Dr. John K. Mathew
The phrases 'Kingdom of Heaven' and 'Kingdom of God' are found more than eighty times in the New Testament. The Kingdom of God is obviously an important subject. Several questions arise, however, in relation to the identity and manifestation of the Kingdom of God. What is meant by the word ‘Kingdom’?
The Greek word 'basileia' from which the word 'Kingdom' is derived has two principal meanings: (1) a King’s rule, reign, dominion or authority and (2) the territory or people over whom a king reigns. Is the kingdom of God an inner spiritual reality or is it an outwardly visible rule? It is both. But at present, the Kingdom of God is where God's principles are the standard of behavior. Mathew 7 talks about seven such standards. It begins with judgment and says, do not judge. The second principle is about holy living. It reads, do not give dogs what is sacred; do not throw your pearls to pigs". The third principle deals with ask, seek and knock, so that it will be given to you. The fourth one is the greatest of all. That is, "do to others what you would have them do to you". The fifth principle tells us to find and enter through the narrow gate. The sixth principle warns the kingdom people to watch out for false prophets. Finally, it charges the Kingdom people to hear the word of the Lord and put them in to practice.
This illustration given by John Hess-Yoder, who was a missionary to Laos will help us understand this concept. Before the colonialists imposed national boundaries, the Kings of Laos and Vietnam reached an agreement on taxation in their border areas. Those who ate short grain rice, built their houses on stilts and decorated them with Indian style serpents were considered Laotians. On the other hand, those who ate long grain rice, built their houses on the ground and decorated them with Chinese style dragons were considered Vietnamese. The exact location of a person’s home was not what determined his or her nationality. Instead each person belonged to the Kingdom whose cultural values he or she exhibited. So it is with us. We live in the world, but as part of God's Kingdom, we are to live according to His Kingdom standards and values.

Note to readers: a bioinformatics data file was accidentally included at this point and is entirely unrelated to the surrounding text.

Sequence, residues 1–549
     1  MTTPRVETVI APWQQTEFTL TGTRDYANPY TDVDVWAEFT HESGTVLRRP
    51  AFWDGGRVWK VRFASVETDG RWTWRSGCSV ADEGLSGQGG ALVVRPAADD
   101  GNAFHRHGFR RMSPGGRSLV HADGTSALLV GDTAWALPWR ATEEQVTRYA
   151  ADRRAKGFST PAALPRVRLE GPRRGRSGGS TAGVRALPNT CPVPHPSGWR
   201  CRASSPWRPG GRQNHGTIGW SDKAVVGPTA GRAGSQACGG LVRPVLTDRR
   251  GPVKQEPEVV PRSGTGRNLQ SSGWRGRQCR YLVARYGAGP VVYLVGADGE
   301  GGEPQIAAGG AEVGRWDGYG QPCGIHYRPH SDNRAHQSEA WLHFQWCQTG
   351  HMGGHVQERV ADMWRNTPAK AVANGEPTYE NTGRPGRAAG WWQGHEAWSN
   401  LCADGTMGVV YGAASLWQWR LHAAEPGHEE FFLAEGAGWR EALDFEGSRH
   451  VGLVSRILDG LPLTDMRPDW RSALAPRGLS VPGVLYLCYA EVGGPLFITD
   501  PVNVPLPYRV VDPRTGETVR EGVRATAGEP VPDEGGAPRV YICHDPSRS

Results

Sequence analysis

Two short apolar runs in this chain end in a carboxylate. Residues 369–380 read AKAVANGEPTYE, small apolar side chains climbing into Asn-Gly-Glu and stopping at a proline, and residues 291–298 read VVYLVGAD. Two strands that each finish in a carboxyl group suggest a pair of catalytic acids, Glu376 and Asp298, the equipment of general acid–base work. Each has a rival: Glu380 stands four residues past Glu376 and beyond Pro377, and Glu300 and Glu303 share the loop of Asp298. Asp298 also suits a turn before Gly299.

Jesus described His followers as being part of two Kingdoms. Physically they are part of this present world and therefore under the rule of human kingdoms. Spiritually they are part of a heavenly kingdom in which His precepts are the standard of behavior. This is dual Citizenship. We are dual citizens.